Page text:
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Teens vow 'to serve those who serve us' with veterans organization

Six teenagers from Plainview started a nonprofit called

Six teenagers from Plainview started a nonprofit called LILV (Long Island Loves Veterans) during the pandemic. Their goal is to raise money, awareness and collect necessities for the local veteran community. Credit: Newsday / Raychel Brightman; Photo credit: Rebecca Davis

Seventeen-year-old Sam Chon said he has a "longstanding dream" of enrolling in the U.S. Naval Academy.

But before he gets there, he’s honoring those who have already served by fundraising, collecting donations and raising awareness.

Chon texted his friends: Michael Khalfin, Daniel Shemetov, Andre Oganesian, Matt Lim and Aidan Davis. They’re all juniors at Plainview-Old Bethpage John F. Kennedy High School.

"We wanted to do something to benefit veterans, especially in these crazy times," Chon said.

The boys formed an organization called Long Island Loves Veterans, or LILV. Their mission statement, Chon said, is "to serve those who serve us."

The organization started by fundraising and collecting thousands of dollars worth of donations last Veterans Day. The students walked around Plainview distributing copies of a letter Chon wrote to their neighbors.

In the letter, he asked Long Islanders to leave marked donations on their front lawns on Nov. 7. He included a list of items veterans needed at the Northport VA Medical Center, including soap, deodorant, pajamas and blankets.

"When the day came, we were honestly overwhelmed by the amount of things people gave us," said Aidan Davis, 16. "My dining room table was completely filled with stuff."

Chon said one neighbor donated around 400 CDs and DVDs. Davis’ mother, Rebecca Davis, said another donated 20 blankets she had crocheted.

"She said she was waiting for an organization to give them to because she made them in honor of a family member that served who passed away," she added.

LILV also accepted monetary donations via Venmo and Paypal. After picking up wish list donations from around their neighborhood, Chon went through everything and noted which items were still needed. Then, he took the monetary donations and headed to Wal-Mart to buy the rest.

"We got every single item on that wish list," he said.

On Veterans Day, LILV members and their parents loaded up two SUVs-worth of donations. They headed to Northport, arranging a dropoff with Joe Sledge, a health systems specialist at the Northport VA. He’s been facilitating donations from nonprofits and individuals to the medical center during the pandemic.

Sledge said the unprecedented circumstances have caused new needs for veterans at the VA. For example, he said usually family members will come by and bring their loved one’s laundry home, wash it and then bring it back. Under visitation restrictions, that isn’t possible, and staff started doing laundry for the veterans on site.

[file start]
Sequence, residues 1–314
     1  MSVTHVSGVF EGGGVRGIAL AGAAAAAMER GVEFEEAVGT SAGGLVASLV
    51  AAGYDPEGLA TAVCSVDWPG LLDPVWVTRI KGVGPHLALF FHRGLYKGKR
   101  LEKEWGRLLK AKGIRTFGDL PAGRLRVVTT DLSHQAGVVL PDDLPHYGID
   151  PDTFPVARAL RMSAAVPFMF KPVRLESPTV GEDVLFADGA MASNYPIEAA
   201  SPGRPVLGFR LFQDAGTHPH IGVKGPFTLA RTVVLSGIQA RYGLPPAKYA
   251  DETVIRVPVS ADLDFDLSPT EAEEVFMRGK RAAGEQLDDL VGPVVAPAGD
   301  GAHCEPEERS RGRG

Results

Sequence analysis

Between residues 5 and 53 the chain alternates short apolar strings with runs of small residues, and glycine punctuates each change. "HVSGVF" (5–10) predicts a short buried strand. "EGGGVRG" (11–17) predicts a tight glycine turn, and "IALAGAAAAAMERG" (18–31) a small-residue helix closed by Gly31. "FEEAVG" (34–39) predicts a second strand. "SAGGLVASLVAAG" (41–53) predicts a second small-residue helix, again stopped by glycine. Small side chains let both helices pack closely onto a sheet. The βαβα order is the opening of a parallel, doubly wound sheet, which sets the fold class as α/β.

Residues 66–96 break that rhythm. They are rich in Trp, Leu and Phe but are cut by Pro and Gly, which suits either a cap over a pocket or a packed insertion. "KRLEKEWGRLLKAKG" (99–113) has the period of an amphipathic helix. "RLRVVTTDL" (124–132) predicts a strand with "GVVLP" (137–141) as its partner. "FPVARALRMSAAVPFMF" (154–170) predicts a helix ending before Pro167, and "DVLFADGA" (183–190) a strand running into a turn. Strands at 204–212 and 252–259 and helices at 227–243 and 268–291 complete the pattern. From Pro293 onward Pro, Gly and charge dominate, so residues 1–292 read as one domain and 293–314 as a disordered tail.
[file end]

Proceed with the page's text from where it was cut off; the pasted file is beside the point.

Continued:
He said the efforts of LILV came in handy for that.

"These donations of detergent were really helpful in that regard," he said.

Sledge said when the boys arrived with the donations, "they didn’t look for any type of recognition, which made it even more special."

"Their goal was to cheer up the veterans and let them know they were being warmly remembered on Veterans Day, and these kids did it," Sledge said. The donations are being spread across the hospital as needed through recreational and nursing services, he added.

Aidan Davis said the experience has taught him a lot about helping those who are less fortunate than he is. He said his community tends to feel insular, and wants to remind other teenagers to "count their blessings."

"In a veterans hospital, there could potentially be a COVID outbreak and they have to be super careful with their routines, and I can see how that could be a lot of stress on them," he said. "It’s important to let them know there are people thinking about them."

Chon said he’s on track to register LILV as a nonprofit: "With the shocking success of our first fundraiser, we were so heartwarmed by how generous people were and we wanted to make it official."

In the future, he’s hoping to collaborate with American Legion and The Veterans of Foreign Wars. Next up, Chon wants to plan a 5K swim and fundraiser with his swim team this summer. And Davis said he’s looking forward to getting in touch with local legislators to expand the organization.

In the meantime, Sledge said anyone looking to do something meaningful for the veterans of the Northport VA Medical Center can get in touch with the voluntary service office.

"There are a lot of generous people out there caring about veterans during the pandemic," said Sledge. "It was so nice to meet this particular group of young men. They just wanted to do the right thing."

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